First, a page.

Does the charity have any trading subsidiaries?

If you answer yes to the above question you will be asked the following:

How many trustees are also directors of the trading subsidiaries?

During the period covered by this annual return, did any of the trustees resign and take up employment with the charity?

During the financial period for this annual return, did any of your charity’s staff receive total employment benefits of £60,000 or more?

If you answer yes to the above question you will be asked the following:

Enter the number of staff for each of the following salary bands

  • £60,000 – £150,000 (increments of £10,000)
  • £150,001 – £500,000 (increments of £50,000)
  • over £500,000

What was the value of the total employee benefits provided by the charity to its highest paid employee?

Consultations open or pending a response

Here’s our monthly round-up of (and links to) key consultation opportunities and those closed, pending feedback.

The following consultations are currently open and inviting a response:

The full consultation document, including details on how to respond, can be found here. Respond before closure on 18 July 2018.

The following consultations are closed with feedback analysis pending – watch this space for an update in future briefings:

  • Charity Tax Commission (CTC):

The CTC called for a review of charitable tax reliefs, with the last comprehensive review being conducted some 20 years ago.

The CTC said that they were “keen to receive thoughts about the effectiveness of current reliefs….and whether the existing system could be improved in order for charities to better serve their beneficiaries.”

Responses were to be submitted by 5pm on 6 July 2018. The Commission are currently collating responses.

  • Charity Commission for England and Wales (CCEW):

o   The use and promotion of complementary and alternative medicine (CAM): making decisions about charitable status – closed on 19 May 2017. This consultation is about the Commission’s approach to deciding whether an organisation which uses or promotes CAM therapies is a charity.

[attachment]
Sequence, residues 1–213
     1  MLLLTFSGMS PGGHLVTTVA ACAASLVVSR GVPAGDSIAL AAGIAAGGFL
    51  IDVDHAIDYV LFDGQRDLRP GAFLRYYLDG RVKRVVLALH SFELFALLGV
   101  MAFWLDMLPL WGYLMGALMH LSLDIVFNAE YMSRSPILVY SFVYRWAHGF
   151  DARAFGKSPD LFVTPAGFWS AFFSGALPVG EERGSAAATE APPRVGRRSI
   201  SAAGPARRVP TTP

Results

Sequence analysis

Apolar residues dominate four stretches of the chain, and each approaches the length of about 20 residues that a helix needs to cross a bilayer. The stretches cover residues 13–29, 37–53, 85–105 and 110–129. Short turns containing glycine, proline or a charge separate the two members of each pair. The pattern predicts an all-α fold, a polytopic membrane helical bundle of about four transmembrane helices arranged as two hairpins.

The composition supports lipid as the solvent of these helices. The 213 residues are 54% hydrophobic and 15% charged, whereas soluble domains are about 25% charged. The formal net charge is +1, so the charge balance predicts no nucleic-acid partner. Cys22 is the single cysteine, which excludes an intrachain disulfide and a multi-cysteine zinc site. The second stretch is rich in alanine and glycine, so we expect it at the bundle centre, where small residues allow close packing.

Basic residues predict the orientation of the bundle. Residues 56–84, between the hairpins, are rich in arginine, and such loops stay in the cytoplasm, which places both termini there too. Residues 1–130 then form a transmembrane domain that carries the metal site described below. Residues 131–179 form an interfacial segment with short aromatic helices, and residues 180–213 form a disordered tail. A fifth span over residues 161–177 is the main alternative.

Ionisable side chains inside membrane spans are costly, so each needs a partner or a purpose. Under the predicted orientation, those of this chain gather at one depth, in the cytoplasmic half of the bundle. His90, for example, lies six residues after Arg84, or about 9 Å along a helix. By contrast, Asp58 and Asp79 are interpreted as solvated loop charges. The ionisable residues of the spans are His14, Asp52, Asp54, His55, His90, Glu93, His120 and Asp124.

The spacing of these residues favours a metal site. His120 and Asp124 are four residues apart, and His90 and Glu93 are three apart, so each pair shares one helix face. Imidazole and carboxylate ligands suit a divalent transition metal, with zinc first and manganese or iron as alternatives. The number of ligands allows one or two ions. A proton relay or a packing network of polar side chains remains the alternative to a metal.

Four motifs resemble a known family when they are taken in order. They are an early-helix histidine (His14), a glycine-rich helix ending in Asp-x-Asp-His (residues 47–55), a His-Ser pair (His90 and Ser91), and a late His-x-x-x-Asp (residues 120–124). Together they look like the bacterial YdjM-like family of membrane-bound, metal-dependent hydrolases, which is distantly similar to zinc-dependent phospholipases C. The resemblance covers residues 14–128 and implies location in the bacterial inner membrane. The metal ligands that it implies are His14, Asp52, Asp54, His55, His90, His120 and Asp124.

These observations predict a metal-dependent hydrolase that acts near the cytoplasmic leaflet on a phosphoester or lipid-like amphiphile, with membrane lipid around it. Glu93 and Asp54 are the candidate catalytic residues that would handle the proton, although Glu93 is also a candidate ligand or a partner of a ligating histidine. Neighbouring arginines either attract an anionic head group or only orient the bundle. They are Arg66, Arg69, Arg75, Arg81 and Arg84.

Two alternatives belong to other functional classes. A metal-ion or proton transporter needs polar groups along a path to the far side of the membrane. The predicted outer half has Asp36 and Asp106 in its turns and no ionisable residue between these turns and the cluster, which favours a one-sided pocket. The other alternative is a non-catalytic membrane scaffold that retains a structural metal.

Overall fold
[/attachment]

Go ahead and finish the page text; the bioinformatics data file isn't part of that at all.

o   Charities that are connected with non-charitable organisations: maintaining your charity’s separation and independence. This consultation closed on 15 May 2018.

  • CCEW and OSCR – Charities SORP

A consultation was launched on 20 February 2018 (which ran until 4 April 2018) focusing on 21 proposed amendments to the SORP which were considered necessary because of the changes made in December 2017 to FRS 102.

These changes are to be made via a second Update Bulletin and include:

  • the introduction of an accounting policy choice for entities that rent investment property to another group entity
  • the clarification of the accounting treatment for payments by subsidiaries to their charitable parents that qualify for gift aid
  • the clarification of the requirement for comparatives for disclosures required by the SORP
  • the introduction of a requirement for a net debt reconciliation to be prepared as a note

The SORP committee met on 21 June 2018 and agenda items included presentation and discussion of working group findings for Smaller Charities and Tiered Reporting. The wait continues!

  • Charity Commission for Northern Ireland
    • Annual monitoring return 2018 – closed on 21 November 2017. Changes to apply to charities’ financial years starting on or after 1 January 2018. A full consultation report was due in Spring 2018 but has not yet been published.
  • HMRC
  • Office of Tax Simplification (OTS)
    • review of depreciation and capital allowances and whether the use of accounts depreciation to provide relief for capital expenditure instead of capital allowances would simplify the preparation of tax returns for incorporated and unincorporated business. Deadline for responses was 30 November 2017. For more information about the OTS’s call for evidence see here.

 

As previously published in Accounting Web